Harrington v. Colvin, No. 1:2016cv01006 - Document 18 (C.D. Ill. 2017)

Court Description: ORDER AND OPINION entered by Magistrate Judge Jonathan E. Hawley on 3/10/2017. IT IS ORDERED: Harrington's Motion for Summary Judgment (D. 11 ) is DENIED and the Commissioner's Motion for Summary Affirmance (D. 16 ) is GRANTED. This matter is now terminated. SEE FULL WRITTEN ORDER.(SL, ilcd)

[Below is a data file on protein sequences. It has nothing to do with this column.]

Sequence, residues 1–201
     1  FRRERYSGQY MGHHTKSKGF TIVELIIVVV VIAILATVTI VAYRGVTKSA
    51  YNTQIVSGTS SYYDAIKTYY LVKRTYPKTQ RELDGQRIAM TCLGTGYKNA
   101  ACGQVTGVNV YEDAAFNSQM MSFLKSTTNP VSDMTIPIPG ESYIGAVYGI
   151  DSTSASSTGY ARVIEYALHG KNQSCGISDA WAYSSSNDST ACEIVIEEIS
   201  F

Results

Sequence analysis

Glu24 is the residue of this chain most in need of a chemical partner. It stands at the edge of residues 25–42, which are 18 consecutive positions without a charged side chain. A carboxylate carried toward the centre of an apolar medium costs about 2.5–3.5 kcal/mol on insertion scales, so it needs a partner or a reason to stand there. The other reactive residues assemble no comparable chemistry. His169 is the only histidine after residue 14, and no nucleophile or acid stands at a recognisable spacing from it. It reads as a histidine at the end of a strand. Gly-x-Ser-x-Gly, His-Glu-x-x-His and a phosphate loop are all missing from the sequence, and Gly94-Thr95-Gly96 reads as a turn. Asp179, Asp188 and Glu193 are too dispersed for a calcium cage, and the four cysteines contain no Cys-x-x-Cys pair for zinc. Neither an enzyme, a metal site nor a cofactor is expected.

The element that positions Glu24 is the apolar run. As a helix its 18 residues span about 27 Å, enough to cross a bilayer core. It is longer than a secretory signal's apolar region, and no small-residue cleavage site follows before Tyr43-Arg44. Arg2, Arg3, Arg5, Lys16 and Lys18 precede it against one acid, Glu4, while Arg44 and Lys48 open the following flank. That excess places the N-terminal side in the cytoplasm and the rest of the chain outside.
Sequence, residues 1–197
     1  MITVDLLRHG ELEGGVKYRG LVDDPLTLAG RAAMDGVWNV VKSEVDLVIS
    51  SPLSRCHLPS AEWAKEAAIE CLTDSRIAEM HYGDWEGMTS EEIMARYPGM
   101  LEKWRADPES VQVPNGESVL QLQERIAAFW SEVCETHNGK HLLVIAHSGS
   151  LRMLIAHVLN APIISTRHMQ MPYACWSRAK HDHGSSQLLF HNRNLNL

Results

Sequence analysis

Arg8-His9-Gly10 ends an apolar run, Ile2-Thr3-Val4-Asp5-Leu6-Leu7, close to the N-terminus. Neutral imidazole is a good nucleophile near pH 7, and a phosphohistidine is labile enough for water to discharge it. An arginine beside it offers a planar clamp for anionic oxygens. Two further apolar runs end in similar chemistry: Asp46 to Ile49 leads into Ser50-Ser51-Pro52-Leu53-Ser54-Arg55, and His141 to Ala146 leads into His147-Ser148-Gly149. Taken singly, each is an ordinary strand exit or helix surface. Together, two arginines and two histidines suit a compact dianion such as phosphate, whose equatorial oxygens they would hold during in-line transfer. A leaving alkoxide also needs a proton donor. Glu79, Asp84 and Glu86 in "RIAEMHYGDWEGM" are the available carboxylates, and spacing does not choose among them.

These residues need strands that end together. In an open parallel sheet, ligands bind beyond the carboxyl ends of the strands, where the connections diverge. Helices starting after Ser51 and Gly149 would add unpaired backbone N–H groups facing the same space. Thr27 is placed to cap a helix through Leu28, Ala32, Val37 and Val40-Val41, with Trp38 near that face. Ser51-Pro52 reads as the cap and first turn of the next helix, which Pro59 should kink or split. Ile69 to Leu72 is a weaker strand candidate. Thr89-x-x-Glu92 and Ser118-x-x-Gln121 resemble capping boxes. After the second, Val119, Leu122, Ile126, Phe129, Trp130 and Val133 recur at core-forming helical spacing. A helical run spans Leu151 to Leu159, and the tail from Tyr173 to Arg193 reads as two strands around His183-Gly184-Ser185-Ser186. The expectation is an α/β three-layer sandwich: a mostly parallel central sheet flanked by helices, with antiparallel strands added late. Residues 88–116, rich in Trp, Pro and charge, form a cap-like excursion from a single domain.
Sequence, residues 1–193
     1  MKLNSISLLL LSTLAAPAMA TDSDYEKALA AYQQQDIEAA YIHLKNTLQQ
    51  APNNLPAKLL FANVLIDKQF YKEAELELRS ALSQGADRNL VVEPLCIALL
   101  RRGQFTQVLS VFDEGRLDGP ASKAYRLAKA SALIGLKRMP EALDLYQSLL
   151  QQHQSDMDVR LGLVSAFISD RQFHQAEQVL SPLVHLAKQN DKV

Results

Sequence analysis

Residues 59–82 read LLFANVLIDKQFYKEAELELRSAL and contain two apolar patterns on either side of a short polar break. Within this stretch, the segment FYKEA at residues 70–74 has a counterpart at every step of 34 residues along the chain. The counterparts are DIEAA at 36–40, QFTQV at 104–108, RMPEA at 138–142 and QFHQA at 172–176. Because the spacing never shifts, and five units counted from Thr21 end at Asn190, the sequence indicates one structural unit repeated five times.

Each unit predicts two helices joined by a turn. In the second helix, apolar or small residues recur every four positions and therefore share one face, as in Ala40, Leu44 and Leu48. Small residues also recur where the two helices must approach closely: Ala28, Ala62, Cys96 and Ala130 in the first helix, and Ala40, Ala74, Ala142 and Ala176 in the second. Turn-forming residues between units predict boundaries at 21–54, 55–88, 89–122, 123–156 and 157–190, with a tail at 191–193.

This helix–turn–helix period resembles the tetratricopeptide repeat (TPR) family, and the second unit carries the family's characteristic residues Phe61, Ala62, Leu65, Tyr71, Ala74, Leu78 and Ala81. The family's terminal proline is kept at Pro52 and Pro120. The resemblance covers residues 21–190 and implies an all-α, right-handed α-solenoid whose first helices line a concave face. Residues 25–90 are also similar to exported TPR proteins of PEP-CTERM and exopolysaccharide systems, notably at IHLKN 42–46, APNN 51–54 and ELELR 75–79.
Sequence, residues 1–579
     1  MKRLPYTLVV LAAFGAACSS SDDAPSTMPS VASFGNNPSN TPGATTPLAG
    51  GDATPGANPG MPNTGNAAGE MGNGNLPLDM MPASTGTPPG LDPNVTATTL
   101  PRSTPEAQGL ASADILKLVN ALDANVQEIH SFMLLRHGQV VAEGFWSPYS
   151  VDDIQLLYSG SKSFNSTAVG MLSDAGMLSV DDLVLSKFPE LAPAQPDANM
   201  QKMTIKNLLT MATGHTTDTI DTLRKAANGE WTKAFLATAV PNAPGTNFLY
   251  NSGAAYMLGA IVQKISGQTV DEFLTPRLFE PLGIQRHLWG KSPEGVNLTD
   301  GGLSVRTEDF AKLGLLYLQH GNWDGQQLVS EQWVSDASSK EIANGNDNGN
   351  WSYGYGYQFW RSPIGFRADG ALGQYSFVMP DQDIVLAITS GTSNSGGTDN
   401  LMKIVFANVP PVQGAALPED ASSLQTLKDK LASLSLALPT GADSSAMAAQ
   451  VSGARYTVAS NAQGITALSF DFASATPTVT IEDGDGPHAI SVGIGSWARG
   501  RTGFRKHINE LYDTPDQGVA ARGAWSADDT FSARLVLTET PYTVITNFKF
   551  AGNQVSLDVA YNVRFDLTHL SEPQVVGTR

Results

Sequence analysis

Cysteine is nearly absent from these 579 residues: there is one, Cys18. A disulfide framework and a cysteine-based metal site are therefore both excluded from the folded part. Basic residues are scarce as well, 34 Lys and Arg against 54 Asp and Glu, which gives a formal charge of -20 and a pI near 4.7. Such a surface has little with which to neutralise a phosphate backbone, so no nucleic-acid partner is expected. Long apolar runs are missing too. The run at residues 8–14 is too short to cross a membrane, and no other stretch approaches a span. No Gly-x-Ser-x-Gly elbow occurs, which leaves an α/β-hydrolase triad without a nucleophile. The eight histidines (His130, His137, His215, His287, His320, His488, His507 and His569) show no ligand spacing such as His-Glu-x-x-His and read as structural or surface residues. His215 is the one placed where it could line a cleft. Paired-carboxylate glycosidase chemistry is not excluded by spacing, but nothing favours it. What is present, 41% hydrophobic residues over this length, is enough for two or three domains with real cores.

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Harrington v. Colvin Doc. 18 E-FILED Friday, 10 March, 2017 03:49:08 PM Clerk, U.S. District Court, ILCD IN THE UNITED STATES DISTRICT COURT CENTRAL DISTRICT OF ILLINOIS PEORIA DIVISION JAMES FRANKLIN HARRINGTON, Plaintiff, v. Case No. 1:16-cv-01006-JEH COMMISSIONER OF SOCIAL SECURITY, Defendant. Order and Opinion Now before the Court are the Plaintiff, James Harrington’s, Motion for Summary Judgment (D. 11) 1 and the Commissioner’s Motion for Summary Affirmance (D. 16). Both parties have provided supporting Memoranda thereto. (D. 12, 17). For the reasons stated herein, the Court DENIES the Plaintiff’s Motion for Summary Judgment and GRANTS the Defendant’s Motion for Summary Affirmance. 2 I On May 7, 2012, Harrington filed an application for Social Security Disability Insurance benefits (DIB) alleging disability beginning on July 12, 2010. His claim was denied initially on September 7, 2012, and denied upon reconsideration on April 5, 2013. On May 10, 2013, Harrington filed a request for a hearing on his application for DIB. Harrington appeared at the hearing before the Honorable Susan Sarsfield (ALJ) on June 3, 2014. He was represented by an attorney. Following the hearing, the ALJ denied Harrington’s claim on July 2, 1 2 Citations to the Docket in this case are abbreviated as “D. __.” The undersigned presides over this case with the consent of all parties. (D. 9). 1 Dockets.Justia.com 2014. The Appeals Council denied Harrington’s request for review on December 2, 2015, making the ALJ’s Decision the final decision of the Commissioner. Harrington filed the instant civil action, seeking review of the ALJ’s Decision, pursuant to 42 U.S.C. § 405(g), on January 6, 2016. II At the time Harrington applied for benefits, he was 51 years old. He was living in a home, in Canton, Illinois with his ex-wife, who earns income. Harrington earned a GED, but has not worked since July 12, 2010. On the various SSA forms he submitted, Harrington indicated that he has chronic lower back pain, arthritis, headaches, and hypertension, which substantially limit his ability to work. (D. 5 at pg. 229; 259) At the hearing before the ALJ, Harrington stated his mobility is limited because he is in chronic pain. Specifically, he said his neck is almost continually in pain and his lower back flares up with debilitating pain if he lifts more than twenty pounds or walks more than approximately half a block. Harrington testified that his neck pain is only alleviated by steroid injections into certain trigger points. He also said that when his back is in pain, the pain radiates down to his legs. Generally speaking, he can sit down for approximately an hour at a time, after which he needs to stand up and walk around briefly. Harrington estimated that he had been to the ER approximately three times in the year prior to the hearing due to pain from his neck and/or back. Harrington testified that his ex-wife drives him around, does all the grocery shopping for them and runs his other errands. He said he does not drive often because, on the advice of his doctor, he avoids doing so given the medication he takes. In addition to blood pressure medicine, Harrington takes morphine and oxycodone two and three times a day, respectively. He said these narcotics make it difficult for him to concentrate and he tires easily. Harrington also stated that 2 he takes medication for anxiety and depression, but has never been hospitalized for either condition. He testified that he has no other mental health issues or problems concentrating. Harrington said the oxycodone and morphine he takes dulls the pain in his back and neck slightly, and only for approximately two and a half hours at a time. He stated that his doctors are aware of this but have not recommended him for pain management. Harrington asserts that his pain is increasing and that his overall muscle strength has lessened. He uses a TENS unit, which puts electric pulses into his neck, for approximately three hours a day and averages the same amount of sleep most nights. Harrington said that if he spends any more time on his back, his neck gets too stiff. Harrington has not had surgery on his back or neck and has been advised by his doctor that he is not a candidate for surgery. He has not been prescribed a brace or splint for his neck or lower back, but sometimes utilizes a walking cane for added stability when needed. Harrington testified that he could not work due to his pain. By way of example, he stated that two weeks before the hearing he used a hedge trimmer for approximately fifteen minutes—a task he did not normally perceive as strenuous. He said this caused him severe neck pain and a headache. He asserted that the pain that ensues in his neck as a result of such activity, which he thinks possibly leads to headaches, simply will not allow him to continue working. Harrington testified that one of his doctors attributes his headaches to disc degeneration in his neck. He says he wakes up every day with a headache, which lasts anywhere from two to twelve hours—sometimes longer. Harrington said he avoids using his entire upper body in order to keep his reoccurring headaches at bay. Harrington has applied for jobs since July 2010. He has approximately sixteen years of experience doing auto body work but can no longer do such work. 3 Instead, he has applied for menial jobs at local stores and restaurants. Harrington thought that he could do the work required of him at these jobs, including that of stocking shelves, with the limitation that he not be required to lift too much weight. He said he needed the money and assumed that if he were hired, he would take extra medication to cope with the ensuing pain as needed. Harrington stated that he recently completed a month of physical therapy. He said he can take care of his own basic hygiene needs and get dressed without assistance ninety five percent of the time. For the remaining five percent, his lower back pain limits his mobility and he needs assistance. Harrington said he recovers from his back pain in anywhere from a week to a month. Vocational Expert, Dennis Gustafson, also testified at Harrington’s hearing. In response to hypothetical questions from the ALJ, Gustafson opined that someone in Harrington’s precise position had no transferable skills that could be utilized in other occupations classified as light or sedentary. He said there were other light and sedentary jobs, however, that such people could do. Examples included working as a cashier, housekeeper, or in clerical-related occupations. Gustafson explained that these positions could be found in a few different industries and provided statistics on the approximate number of people employed in these occupations both in Illinois and nationally. In response to direct questioning from the ALJ, Gustafson affirmed that the inability to engage in constant movement of the head and neck from side to side would have no effect on such a person’s ability to perform the sedentary jobs he mentioned. If the jobs were limited to frequent movement, but not constant, however, he said that would impact the person’s ability to perform the light jobs. Gustafson found that two minutes standing or walking out of every hour working during the sedentary jobs he listed would not have a substantial impact on the job numbers he provided. He stated that if a hypothetical subject in Harrington’s 4 shoes were off task as much as fifteen percent of the time, they would be found inadequate and ultimately, unemployed. III In her Decision, the ALJ determined that Harrington had the severe impairments of degenerative disc disease, headaches, and high blood pressure (20 CFR 404.1520(c)). (D. 5 at pg. 40). In so doing, she also rejected the categorization of some of Harrington’s other impairments as severe—including his anxiety and depression. Notably, the ALJ also stated that while she “has considered the claimant’s pain from degenerative disc disease, the medical evidence does not establish an independent medically determinable impairment of chronic pain syndrome.” Id. at pg. 41. Ultimately, the ALJ concluded that Harrington “does not have an impairment or combination of impairments that meets or medically equals the severity of one of the listed impairments in 20 CFR Part 404, Subpart P, Appendix 1 (20 CFR 404.1520(d), 404.1525 and 404.1526).” Id. She found that “the objective medical evidence of record does not support a finding that [Harrington] experiences symptoms or limitations of a severity sufficient to meet or medically equal the requirements set forth in any listing or section.” Id. She crafted the following Residual Functional Capacity (RFC) for Harrington: After careful consideration of the entire record, the undersigned finds that the claimant has the residual functional capacity to perform light work as defined in 20 CFR 404.1567(b) except he is restricted to occasional stooping, kneeling, crouching, crawling, and climbing of ladders, ropes, or scaffolds and he must avoid concentrated exposure to noise. Id. at pg. 44. The ALJ further recounted Harrington’s testimony at the hearing regarding his condition and the limitations he claimed in his functional reports. Following protocol, she determined there were medical impairments reasonably 5 expected to cause Harrington’s symptoms. The ALJ found, however, that Harrington’s alleged symptoms were not entirely credible. Id. at pg. 45. The ALJ went on to find that the objective medical evidence was inconsistent with the degree of pain and functional limitation Harrington claimed to experience. She noted that Harrington’s declared symptoms of extreme limited functional capacity are not supported by the medical records. She emphasized that, based on the record, Harrington’s degenerative disc disease had stabilized in spite of his claims of increased pain and lack of mobility. The ALJ supported her conclusion by citing Harrington’s medical records. Specifically, she compared MRI results of Harrington’s cervical spine from November 2008, June 2009, April 2011, and April 2014 with his professed symptoms. In the ALJ’s view, the results of this comparison established that Harrington underwent no significant physical changes during this time. She concluded that: The stability of the claimant’s degenerative changes on imaging is particularly significant when considering the substantially broader range of functioning he had described at the time of his April 2011 imaging studies. On April 14, 2011, shortly after the MRI studies described above, the claimant had reported his back pain was only 3 to 4 out of 10 in severity, on average, and his neck pain averaged 3 out of 10 [citation]. Moreover, he noted he was able to stand as long as he desired without pain, had no pain on walking, and could sit in his favorite chair as long as he liked [citation]. … While the claimant subsequently alleged extreme limitations in connection with his application, the imaging studies did not confirm significant changes in his underlying degenerative disc disease to explain his allegations. Further, no other objective medical evidence accounts for this substantial change in reported functioning. Id. at pg. 45-46. The ALJ specifically addressed the available medical evidence later in her Decision. She concluded that: 6 Overall, the objective evidence does not reflect clinical signs or findings suggestive of impairments that would produce the degree of pain or functional limitation the claimant has alleged. In acknowledgment of the fact that a claimant’s symptoms can sometimes suggest a greater level of severity of impairment than can be shown by objective medical evidence alone, the undersigned has also considered the credibility of the claimant’s subjective complaints and the factors set forth in 20 CFR 404.1529(c) and 416.929(c) and in Social Security Ruling 96-7p. Consideration of these factors does not suggest the claimant is more limited than demonstrated by the objective medical evidence. Id. at pg. 47. The ALJ ultimately found that Harrington was not disabled. IV Harrington argues that the ALJ erred: (1) in finding he was not disabled; and (2) in determining his credibility. The Court's function on review is not to try the case de novo or to supplant the ALJ's findings with the Court's own assessment of the evidence. See Schmidt v. Apfel, 201 F.3d 970, 972 (7th Cir. 2000); Pugh v. Bowen, 870 F.2d 1271 (7th Cir. 1989). Indeed, "[t]he findings of the Commissioner of Social Security as to any fact, if supported by substantial evidence, shall be conclusive." 42 U.S.C. § 405(g). Although great deference is afforded to the determination made by the ALJ, the Court does not "merely rubber stamp the ALJ's decision." Scott v. Barnhart, 297 F.3d 589, 593 (7th Cir. 2002). The Court's function is to determine whether the ALJ's findings were supported by substantial evidence and whether the proper legal standards were applied. Delgado v. Bowen, 782 F.2d 79, 82 (7th Cir. 1986). Substantial evidence is defined as such relevant evidence as a reasonable mind might accept as adequate to support the decision. Richardson v. Perales, 402 U.S. 389, 390 (1971); Henderson v. Apfel, 179 F.3d 507, 512 (7th Cir. 1999). The Social Security Administration determines disability by asking whether a medically determinable impairment prevents the claimant from engaging in past 7 relevant work or any substantial gainful work that exists in the national economy. 42 U.S.C. §423(d)(1)(A); 20 C.F.R. § 404.1505; Hall v. Colvin, 778 F.3d 688, 691 (7th Cir. 2015). The establishment of disability under the Act is a two-step process. First, the plaintiff must be suffering from a medically determinable physical or mental impairment, or combination of impairments, which can be expected to result in death, or which has lasted or can be expected to last for a continuous period of not less than 12 months. 42 U.S.C. § 1382c(a)(3)(A). Second, there must be a factual determination that the impairment renders the plaintiff unable to engage in any substantial gainful employment. McNeil v. Califano, 614 F.2d 142, 143 (7th Cir. 1980). The factual determination is made by using a five-step test. See 20 C.F.R. §§ 404.1520, 416.920. In the following order, the ALJ must evaluate whether the claimant: 1) currently performs or, during the relevant time period, did perform any substantial gainful activity; 2) suffers from an impairment that is severe or whether a combination of their impairments is severe; 3) suffers from an impairment which meets or equals any impairment listed in the appendix and which meets the duration requirement; 4) is unable to perform her past relevant work, which includes an assessment of the claimant’s residual functional capacity; and 5) is unable to perform any other work existing in significant numbers in the national economy. Id. An affirmative answer at any step leads either to the next step of the test, or at steps 3 and 5, to a finding that the plaintiff is disabled. A negative answer at any point, other than at step 3, stops the inquiry and leads to a determination that the plaintiff is not disabled. Garfield v. Schweiker, 732 F.2d 605 (7th Cir. 1984). 8 The plaintiff has the burdens of production and persuasion on steps 1 through 4. In the instant case, Harrington claims the ALJ erred in making her determination at Step Five. A First, Harrington argues the ALJ erred in finding that he was not disabled. He claims the evidence does not support a finding that he has the ability to perform light work. Harrington argues the ALJ’s finding that he had the RFC to perform a range of light work “appears” to be based on the wrong doctors’ findings and ignores “more recent evidence” which demonstrates his significant limitations. (D. 12 at pg. 10). He points to portions of medical records created by his treating physicians after April 2013 which the ALJ did not specifically discuss in her Decision. Without them, in Harrington’s view, “the ALJ did not provide any logical bridge between the relevant evidence and her interpretation of that evidence which would merit upholding her findings.” Id. at pg. 14. The Court finds otherwise. Though an ALJ must give controlling weight to the medical opinion of a treating physician, the ALJ must do so only if the treating physician’s opinion is “well-supported by medically acceptable clinical and laboratory diagnostic techniques and not inconsistent with other substantial evidence.” Bauer v. Astrue, 532 F.3d 606, 608 (7th Cir. 2008), citing Hofslien v. Barnhart, 439 F.3d 375, 376 (7th Cir. 2006); 20 C.F.R. § 404.1527(c)(2); 20 C.F.R. §416.927(c)(3). If the ALJ does not give a treating physician’s opinion controlling weight, the Social Security regulations require the ALJ to consider: 1) the length, nature, and extent of the treatment relationship; 2) the frequency of examination; 3) the physician’s specialty; 4) the types of tests performed; 5) and the consistency and supportability of the physician’s opinion. 20 C.F.R. § 404.1527; 20 C.F.R. § 416.927; Moss v. Astrue, 9 555 F.3d 556, 561 (7th Cir. 2009). Harrington points to nothing in the record which suggests the ALJ did not consider these factors. In fact, the ALJ did not err in failing to give Harrington’s treating physicians’ opinions controlling weight because she did consider the factors required. The evidence Harrington puts forth in support of his counterclaim is his subjective assertions to treating physicians, which they in turn memorialized in medical records. These are not treating physician opinions. Furthermore, even if these were the treating physicians’ actual opinions, the ALJ was justified in assigning them less weight than the opinions of the state agency physicians. At most, the ALJ failed to specifically discuss the medical records in her decision that Harrington now claims are dispositive. This was not error. The state agency physicians issued the opinions at issue in April 2013. The ALJ subsequently relied upon them, in part, in making her ruling. (D. 5 at pg. 4548). Harrington emphasizes that the evidence generated after this date, in the form of medical records, demonstrates that he had “work-preclusive reaching limitations that should have been incorporated into the ALJ’s RFC finding… .” (D. 17 at pg. 3-4). He fails, however, to specify what would have been an appropriate restriction. Regardless, Harrington simply points to the fact that after April 2013, he had pain treatment injections, self-reported worsening neck pain and muscle tenderness, and engaged in physical therapy, none of which alleviated his alleged symptoms. (D. 12 at pg. 11). He claims the ALJ “ignor[ed] the full picture presented by the evidence.” (D. 12 at pg. 13). However, the ALJ considered this information, generally, in reaching her conclusion. (D. 5 at pg. 45-48). Simply put, the subjective evidence put forth by Harrington pales in comparison to the ALJ’s comprehensive assessment, which relies heavily on objective medical evidence. 10 Harrington’s implicit and explicit arguments that the ALJ ignored the post-April 2013 evidence simply are not true. As discussed previously, the numerous MRI reports of Harrington’s cervical spine figured prominently in the ALJ’s decision. Beyond these reports, the ALJ also noted Harrington’s self-reported range of mobility and symptoms at various times. She specifically discussed various medical records with dates prior to April 2013. In the process, she also patently acknowledged that Harrington’s reported range of mobility and symptoms had since drastically worsened. This much was clear from his testimony at the hearing alone. But the ALJ juxtaposed Harrington’s subjective claims against medically objective evidence and reasonably found the former lacking. Thus, she did not err. More importantly, the ALJ need not have addressed the evidence Harrington now complains she neglected. As Harrington himself now asserts, an ALJ need not discuss all of the evidence in the record, but does have a duty not to ignore “an entire line of evidence in the record contrary to the[ir] ruling.” (D. 12 at pg. 13, citing Golembiewski v. Barnhart, 322 F.3d 912, 917 (7th Cir. 2003)). Generalizing Harrington’s later claims of increased pain and decreased mobility is not akin to the ALJ ignoring an entire line of evidence contrary to her ruling. On the contrary, she explicitly accounted for it. The Seventh Circuit’s remarks on this point in Golembiewski were preceded by the statement that “[t]he ALJ must evaluate the record fairly.” Golembiewski 322 F.3d at 917. The ALJ’s reading of the record and finding in this case were fair. Harrington’s points do not suggest anything in her ruling was unfair. Finding that the ALJ’s ruling in this instance was unsupported by substantial evidence would be against the spirit of Golembiewski. By Harrington’s logic, ALJs would literally need to address every piece of evidence in their decisions in order to make a finding based on substantial evidence. Moreover, as the Commissioner aptly 11 highlights, Harrington fails to establish how this alleged error prejudiced him. Therefore, the Court finds that Harrington’s argument on this issue fails on the merits. The ALJ provided a sufficient explanation for her findings. In other words, the Court can trace the path of the ALJ’s reasoning from her discussion of the medical records and the weight she assigned to them in determining the RFC she ultimately formulated. See Carlson v. Shalala, 999 F.2d 180, 181 (7th Cir. 1993) (stating that an ALJ must “sufficiently articulate [their] assessment of the evidence to assure us that the ALJ considered the important evidence . . . and to enable us to trace the path of the ALJ’s reasoning”). The ALJ addressed the record evidence as a whole in her Decision. The Court finds that substantial evidence supports her decision. B Harrington further argues that the ALJ’s finding that his subjective complaints were not credible is unsupported by substantial evidence. (D. 12 at pg. 14). Specifically, he continues with his claim that the ALJ “ignore[d] pertinent evidence showing greater limitations” and misinterpreted the record. Id. Harrington cites multiple issues to support his claim. Harrington first argues that the ALJ’s errors in this respect are best encapsulated by her treatment of Harrington’s status as a candidate for cervical spine surgery. By his estimation, the fact that he is not a candidate for surgery is not proof positive that his claims of limited mobility are false. (D. 12 at pg. 14-15). This is an accurate assertion. It is not, however, an accurate account of the basis for the ALJ’s Decision. Harrington’s status as a non-candidate for surgery was one factor among many that the ALJ relied upon in making her finding. As discussed previously, central to her Decision was Harrington’s multiple MRI reports. 12 Harrington’s argument on this point does nothing to detract from that substantial evidence. Accordingly, his argument on this point fails. Harrington further claims the ALJ’s reliance on Harrington’s MRI reports and the fact that he applied for jobs after the onset of his disability are problematic. He also argues the ALJ should have considered his track record as a dependable and hard-working employee prior to the onset of his disability and found him credible as a result. In making these arguments, Harrington relies heavily on his previous assertion that the ALJ ignored contrary evidence and continues to claim she failed to provide an adequate explanation to permit meaningful review of her characterization of the evidence. (D. 12 at pg. 16). He even asserts that in other instances there simply was no evidence supporting her findings. Id. at pg. 17. To the extent that Harrington’s arguments continue to rely on the faulty assumptions he made in his first argument, the Court will not address them further for the reasons articulated supra. What remains at issue is the weight the ALJ assigned to Harrington’s testimony, which implicates his credibility. SSR 96–7p instructs that when “determining the credibility of the individual's statements, the adjudicator must consider the entire case record,” and that a credibility determination “must contain specific reasons for the finding on credibility, supported by the evidence in the case record.” 3 An ALJ must provide “enough detail and clarity to permit meaningful review.” Briscoe ex rel. Taylor v. Barnhart, 425 F.3d 345, 351 (7th Cir. 2005). In other words, a credibility finding “must be supported by the evidence and must be specific enough to enable the claimant and a reviewing body to understand the reasoning.” Craft v. Astrue, 539 F.3d 668, 678 (7th Cir. 2008). SSR 96-7p was superseded by SSR 16-3p, effective March 16, 2016. The operative language the Court quotes here from SSR 96-7p, however, appears in SSR 16-3p verbatim. By either standard, the Court’s analysis remains the same. 3 13 Just as the Court cannot re-weigh the medical evidence of record and resolve conflicts in the record, nor can the Court make its own credibility finding. “When assessing an ALJ’s credibility determination, [the Court does] not . . . undertake a de novo review of the medical evidence that was presented to the ALJ. Instead, [the Court] merely examines whether the ALJ’s determination was reasoned and supported.” Elder v. Astrue, 529 F.3d 408, 413 (7th Cir. 2008). It is only when an ALJ’s determination lacks any explanation or support that it is “patently wrong.” Id. at 413-14. Here, there is no reasonable argument the ALJ’s Decision is patently wrong. An ALJ can consider objective evidence in evaluating a claimant’s symptoms. 20 C.F.R. § 404.1529(c)(2). As long as the ALJ properly considered both the claimant’s subjective complaints and any evidence undermining the credibility of those complaints, and based her determination on multiple factors, along with the entire record, “a healthy skepticism” of the claimant’s testimony is permissible. Simila v. Astrue, 573 F.3d 503, 517-20 (7th Cir. 2009). That is precisely what the ALJ did in this case. The ALJ considered Harrington’s subjective claims of symptoms and the evidence undermining his complaints as well. The evidence that undermines his complaints reasonably includes the facts that: (1) his MRI reports objectively indicate that his physical condition, namely his disc degeneration, remained stable, and (2) he has admittedly been willing to do work which requires him to operate outside of his professed limitations, in spite of the resulting pain he acknowledges will ensue. These factors reasonably outweigh Harrington’s subjective claims. The ALJ was also clearly aware of Harrington’s respectable work history. He confirmed this much for the ALJ himself, in person. A claimant’s good work history does entitle them to substantial credibility. Tyson v. Apfel, 107 F.Supp.2d 14 1267, 1270 (D. Colo. 2000). A track record of solid work performance, however, does not create an immunity shield from credibility determinations in a Social Security proceeding. Harrington’s work history, no matter how spectacular it may have been, does not overwhelm the evidence the ALJ relied upon. There is nothing in the ALJ’s Decision suggesting that she did not review the entire record as required before considering Harrington’s testimony with a dose of skepticism. Further, Harrington highlights nothing in the record which undermines the ALJ’s assessment or leads the Court to suspect her finding was not supported by substantial evidence. Harrington’s arguments on these points fail on the merits as well. In her ruling, the ALJ provided reasons why she found Harrington’s testimony not fully credible. (e.g. D. 5 at pg. 46). The objective medical evidence she cited is inconsistent with the degree of daily functional impairment Harrington alleges. For example, an examining neurosurgeon reviewed Harrington’s MRIs and stated that he could return to full activity without restriction. Id. Thus, the ALJ included specific reasons for her finding on credibility which are supported by evidence in the record. The ALJ compared the objective medical evidence of Harrington’s impairments with his self-reported complaints of pain and lack of mobility. In so doing, she provided enough clarity and detail to permit meaningful review. The ALJ considered the contrary evidence and explained why she rejected it. See Boiles v. Barnhart, 395 F.3d 421, 425 (7th Cir. 2005) (“An ALJ may not substitute his own judgment for a physician’s opinion without relying on other medical evidence or authority in the record”). The ALJ did not, therefore, commit an error in her credibility analysis. In closing, the Court notes that the ALJ did make an assertion without supporting evidence. She stated that “[g]iven the role of smoking in accelerating spinal degeneration, which the claimant alleges causes his most severe limitations 15 and adds to his headaches, his decision to continue this habit without cessation assistance suggests his symptoms have not been as severe and motivating as he has alleged.” Id. Harrington did not address this statement in his motion. The Court sees no evidence of the link between smoking and accelerating spinal degeneration in the record. Thus, it was erroneous for the ALJ to insert her own medical opinion on this matter into her Decision. See Shramek v. Apfel, 226 F.3d 809, 811-13 (7th Cir. 2000). In light of the overwhelming evidence, however, the Court finds this error harmless. V For the reasons stated herein, Harrington’s Motion for Summary Judgment (D. 11) is DENIED and the Commissioner’s Motion for Summary Affirmance (D. 16) is GRANTED. This matter is now terminated. It is so ordered. Entered on March 10, 2017. s/Jonathan E. Hawley U.S. MGISTRATE JUDGE 16